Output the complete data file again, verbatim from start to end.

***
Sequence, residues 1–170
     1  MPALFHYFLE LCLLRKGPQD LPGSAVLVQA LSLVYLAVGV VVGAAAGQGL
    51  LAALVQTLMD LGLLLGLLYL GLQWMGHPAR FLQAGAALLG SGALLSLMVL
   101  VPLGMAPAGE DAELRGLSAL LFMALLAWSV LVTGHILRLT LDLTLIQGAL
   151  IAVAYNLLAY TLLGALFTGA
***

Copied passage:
Sequence, residues 1–170
     1  MPALFHYFLE LCLLRKGPQD LPGSAVLVQA LSLVYLAVGV VVGAAAGQGL
    51  LAALVQTLMD LGLLLGLLYL GLQWMGHPAR FLQAGAALLG SGALLSLMVL
   101  VPLGMAPAGE DAELRGLSAL LFMALLAWSV LVTGHILRLT LDLTLIQGAL
   151  IAVAYNLLAY TLLGALFTGA